‘Mobbing’ definition has far wider scope

 Useful as Guy Guinan’s article is on the legal aspects of bullying, it is misleading to state that upward discrimination is referred to as ‘mobbing’ (Legal, Personnel Today, 13 September).

Mobbing is a term that has been widely used for many years in mainland Europe both as a synonym for bullying in general, and in referring to what Guinan calls ‘pack behaviour’.

Researchers in Germany have found that, rather than being the victims, supervisors or people in authority are often actively involved in mobbing behaviour. This reflects similar patterns in the UK.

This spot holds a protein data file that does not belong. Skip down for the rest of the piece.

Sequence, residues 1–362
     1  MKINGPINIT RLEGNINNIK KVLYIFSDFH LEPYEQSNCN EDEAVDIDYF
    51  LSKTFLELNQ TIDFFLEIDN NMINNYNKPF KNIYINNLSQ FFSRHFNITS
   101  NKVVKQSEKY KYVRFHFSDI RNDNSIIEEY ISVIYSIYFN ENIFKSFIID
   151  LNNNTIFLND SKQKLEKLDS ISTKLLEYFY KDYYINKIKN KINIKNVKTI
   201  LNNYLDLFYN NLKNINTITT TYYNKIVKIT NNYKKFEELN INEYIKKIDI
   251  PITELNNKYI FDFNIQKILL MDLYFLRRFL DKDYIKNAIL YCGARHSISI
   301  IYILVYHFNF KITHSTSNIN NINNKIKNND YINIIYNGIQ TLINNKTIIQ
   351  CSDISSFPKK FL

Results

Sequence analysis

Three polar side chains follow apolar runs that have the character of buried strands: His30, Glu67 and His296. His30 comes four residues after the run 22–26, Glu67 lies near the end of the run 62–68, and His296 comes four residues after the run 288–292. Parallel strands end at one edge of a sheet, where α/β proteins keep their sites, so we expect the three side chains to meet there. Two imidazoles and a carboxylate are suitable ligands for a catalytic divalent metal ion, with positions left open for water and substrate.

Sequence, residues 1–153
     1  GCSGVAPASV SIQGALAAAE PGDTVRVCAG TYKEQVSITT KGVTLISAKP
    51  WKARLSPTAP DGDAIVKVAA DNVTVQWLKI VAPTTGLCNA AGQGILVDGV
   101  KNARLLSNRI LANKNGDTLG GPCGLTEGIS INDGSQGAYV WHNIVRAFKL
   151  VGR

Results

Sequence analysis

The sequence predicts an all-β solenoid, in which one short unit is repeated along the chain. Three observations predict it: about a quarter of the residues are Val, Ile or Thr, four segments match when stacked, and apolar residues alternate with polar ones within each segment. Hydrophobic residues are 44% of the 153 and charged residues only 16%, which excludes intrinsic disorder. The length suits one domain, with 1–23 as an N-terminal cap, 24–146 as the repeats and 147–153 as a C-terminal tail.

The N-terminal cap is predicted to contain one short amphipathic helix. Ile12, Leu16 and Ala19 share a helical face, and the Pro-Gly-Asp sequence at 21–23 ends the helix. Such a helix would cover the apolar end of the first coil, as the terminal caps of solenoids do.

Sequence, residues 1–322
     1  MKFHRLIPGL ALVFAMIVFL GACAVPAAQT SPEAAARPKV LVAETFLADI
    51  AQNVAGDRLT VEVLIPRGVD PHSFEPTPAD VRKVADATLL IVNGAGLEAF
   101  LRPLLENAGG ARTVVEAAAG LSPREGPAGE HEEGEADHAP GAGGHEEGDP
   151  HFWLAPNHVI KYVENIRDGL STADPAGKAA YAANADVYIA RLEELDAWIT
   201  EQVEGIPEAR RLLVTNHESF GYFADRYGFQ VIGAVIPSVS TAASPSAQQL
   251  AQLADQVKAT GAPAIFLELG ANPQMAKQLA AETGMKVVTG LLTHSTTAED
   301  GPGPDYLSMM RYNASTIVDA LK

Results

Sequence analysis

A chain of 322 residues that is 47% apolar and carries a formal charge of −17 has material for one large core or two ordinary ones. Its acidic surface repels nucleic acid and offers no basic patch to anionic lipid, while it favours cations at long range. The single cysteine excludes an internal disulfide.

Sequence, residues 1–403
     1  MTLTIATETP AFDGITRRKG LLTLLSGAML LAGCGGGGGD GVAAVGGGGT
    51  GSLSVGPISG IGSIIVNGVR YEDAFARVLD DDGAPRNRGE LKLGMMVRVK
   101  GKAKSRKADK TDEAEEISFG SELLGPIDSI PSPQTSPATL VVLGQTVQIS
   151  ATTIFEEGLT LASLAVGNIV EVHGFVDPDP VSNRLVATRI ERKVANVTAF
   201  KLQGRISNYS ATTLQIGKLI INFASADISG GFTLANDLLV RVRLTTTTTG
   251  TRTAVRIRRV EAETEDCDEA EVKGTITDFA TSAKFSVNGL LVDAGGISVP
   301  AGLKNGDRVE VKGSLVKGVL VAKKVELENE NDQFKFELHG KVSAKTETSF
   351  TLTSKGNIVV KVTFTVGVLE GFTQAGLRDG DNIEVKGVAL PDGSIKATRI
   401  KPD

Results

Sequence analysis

Other surveys suggest that upward bullying accounts for about 10% of reported incidents, which is lower than peer bullying and mobbing.

A more recent development in new EU member countries is the idea of ‘bossing’, which refers to what are deemed to be unacceptably authoritarian management styles – a relic of the totalitarian political regimes.

While previously tolerated by older staff, younger and often better educated workers expect a more enlightened approach and consider the old soviet-style approach a form of harassment.

Mike Guttridge
Business psychologist & HR consultant, Valley Consulting

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